Breakdowns

Jerry Rice Through the Eyes of His Former Coordinators

Jerry Rice

With the start of summer and a slight dip in current events happening in football, The 33rd Team took the opportunity to look back on one of the game’s greatest players in our most recent Wednesday Huddle. That player was none other than the legendary wide receiver Jerry Rice.

Marc Trestman coached Rice during his time as San Francisco in the 1995 and 1996 seasons, and again in Oakland as Rice approached the end of his career from 2001 to 2003.

Trestman began by expressing his own gratitude that he “had the opportunity to be around Jerry and coach him for five years. He taught me so much about what a professional work ethic was all about, and what greatness looks like at the highest level each and every day.”

“He really was everything. I mean, we say he’s the top three, [but] to me he’s arguably the best player in the history of the game. NFL Network I think had him as number one back in 2016, for his longevity, his reliability, his availability, and his productivity, which has really been unmatched.”

One of the first things Trestman addressed was Rice’s alleged 4.7 second 40-yard dash time by saying, “They say he ran 4.7, but he won with tremendous technique and explosion.”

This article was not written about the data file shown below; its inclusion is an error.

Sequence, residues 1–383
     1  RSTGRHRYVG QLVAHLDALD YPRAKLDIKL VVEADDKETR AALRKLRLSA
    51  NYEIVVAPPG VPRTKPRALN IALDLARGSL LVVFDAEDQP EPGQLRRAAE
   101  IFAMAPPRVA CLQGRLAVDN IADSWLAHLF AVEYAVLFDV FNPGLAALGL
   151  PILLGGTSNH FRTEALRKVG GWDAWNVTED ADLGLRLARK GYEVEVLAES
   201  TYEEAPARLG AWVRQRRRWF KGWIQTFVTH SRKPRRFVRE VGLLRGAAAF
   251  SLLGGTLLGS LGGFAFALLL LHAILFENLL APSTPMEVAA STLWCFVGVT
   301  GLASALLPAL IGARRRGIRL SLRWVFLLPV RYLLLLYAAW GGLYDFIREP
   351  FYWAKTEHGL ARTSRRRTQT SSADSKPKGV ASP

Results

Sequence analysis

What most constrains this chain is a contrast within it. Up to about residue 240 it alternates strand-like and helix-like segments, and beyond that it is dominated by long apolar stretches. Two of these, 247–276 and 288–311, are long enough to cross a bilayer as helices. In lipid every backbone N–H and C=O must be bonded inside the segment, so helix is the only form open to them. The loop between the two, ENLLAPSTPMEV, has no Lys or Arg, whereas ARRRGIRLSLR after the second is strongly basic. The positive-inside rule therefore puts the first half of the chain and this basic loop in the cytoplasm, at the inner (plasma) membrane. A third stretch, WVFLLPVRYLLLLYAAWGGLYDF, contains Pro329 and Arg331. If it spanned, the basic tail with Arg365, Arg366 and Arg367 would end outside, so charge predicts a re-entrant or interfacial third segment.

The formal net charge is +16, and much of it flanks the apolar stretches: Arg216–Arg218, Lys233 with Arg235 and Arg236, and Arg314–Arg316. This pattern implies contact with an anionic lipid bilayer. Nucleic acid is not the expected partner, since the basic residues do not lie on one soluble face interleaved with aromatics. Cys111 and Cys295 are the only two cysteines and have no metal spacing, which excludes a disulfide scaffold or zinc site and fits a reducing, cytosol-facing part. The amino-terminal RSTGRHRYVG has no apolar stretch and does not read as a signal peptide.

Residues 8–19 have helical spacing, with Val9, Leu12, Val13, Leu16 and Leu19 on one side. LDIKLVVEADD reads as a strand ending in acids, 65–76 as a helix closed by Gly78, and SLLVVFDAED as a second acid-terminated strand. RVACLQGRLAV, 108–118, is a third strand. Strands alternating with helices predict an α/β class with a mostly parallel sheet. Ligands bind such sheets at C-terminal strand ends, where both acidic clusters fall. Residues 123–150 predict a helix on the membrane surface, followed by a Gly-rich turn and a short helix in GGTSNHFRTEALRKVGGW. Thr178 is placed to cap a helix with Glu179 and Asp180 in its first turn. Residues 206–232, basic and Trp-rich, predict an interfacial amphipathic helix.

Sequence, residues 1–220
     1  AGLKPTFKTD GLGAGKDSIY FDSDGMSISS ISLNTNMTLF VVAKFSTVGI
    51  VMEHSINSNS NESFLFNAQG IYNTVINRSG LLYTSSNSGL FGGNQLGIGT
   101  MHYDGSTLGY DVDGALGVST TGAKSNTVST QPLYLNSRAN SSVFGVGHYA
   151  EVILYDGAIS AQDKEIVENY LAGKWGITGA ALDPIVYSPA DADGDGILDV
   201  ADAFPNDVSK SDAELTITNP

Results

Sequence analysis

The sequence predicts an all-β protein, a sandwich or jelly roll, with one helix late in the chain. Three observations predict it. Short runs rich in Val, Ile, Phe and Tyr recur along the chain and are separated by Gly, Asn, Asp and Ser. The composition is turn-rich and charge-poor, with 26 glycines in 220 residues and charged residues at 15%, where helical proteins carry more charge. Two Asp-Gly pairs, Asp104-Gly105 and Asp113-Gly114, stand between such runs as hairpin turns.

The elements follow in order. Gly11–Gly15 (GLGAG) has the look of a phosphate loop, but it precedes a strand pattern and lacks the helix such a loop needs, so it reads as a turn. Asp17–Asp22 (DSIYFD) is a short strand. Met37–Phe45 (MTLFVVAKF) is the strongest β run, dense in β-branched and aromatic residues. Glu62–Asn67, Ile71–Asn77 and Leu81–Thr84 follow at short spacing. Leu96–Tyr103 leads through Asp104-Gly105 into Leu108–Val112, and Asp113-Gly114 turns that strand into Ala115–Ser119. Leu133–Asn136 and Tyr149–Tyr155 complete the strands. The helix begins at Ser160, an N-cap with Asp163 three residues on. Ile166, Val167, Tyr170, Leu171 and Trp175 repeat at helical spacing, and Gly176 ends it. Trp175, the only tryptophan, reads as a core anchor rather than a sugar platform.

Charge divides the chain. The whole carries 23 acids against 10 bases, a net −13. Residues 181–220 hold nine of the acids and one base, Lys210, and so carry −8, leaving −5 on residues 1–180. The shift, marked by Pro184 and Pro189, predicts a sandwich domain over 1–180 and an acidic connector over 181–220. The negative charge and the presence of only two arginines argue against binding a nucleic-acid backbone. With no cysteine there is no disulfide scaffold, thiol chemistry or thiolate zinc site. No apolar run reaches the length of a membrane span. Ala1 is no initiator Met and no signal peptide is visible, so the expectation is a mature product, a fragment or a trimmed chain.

In terms of Rice’s mentality and approach to the game Trestman commented:

“He wasn’t a rep guy, but if he didn’t get it the first time, he definitely had it after that. He was a really proud guy in terms of walkthroughs…He wanted to get it right immediately. Never wanted to make the same mistake twice. Very much elite hyper competitiveness. I had him at 33 years old and I had him at 40 years old. At 33 he was first on the practice field, and the last one off. At 40 he was the same. He sat in the front row in all the meetings. He was all business on and off [the field]. He stalked the week of a game like a tiger in a cage. He would just be playing catch with the managers. He really never sat on one knee with his helmet in his hand. He was always working on something throughout practice. That’s why they say he had a relentless work ethic.”

“He played 20 years,” Trestman continued, “and only 2 of those 20 he didn’t play in 16 plus games which speaks to why he was so productive and to his reliability. He started 284 of 303 games. [In 1995 with the 49ers] he was 33 years old and [he set] a league record I think in yardage with 122 catches for almost 1900. And then in 2002, his second year with the Raiders of the three years we had him there, he had 92 catches that year, but over 100 when you include the playoffs. Pretty remarkable at 33 and 40 to have that kind of productivity.”

Mike Tannenbaum asked about what it was about Rice that separated him on a day-to-day basis and made him stand out, to which Trestman answered: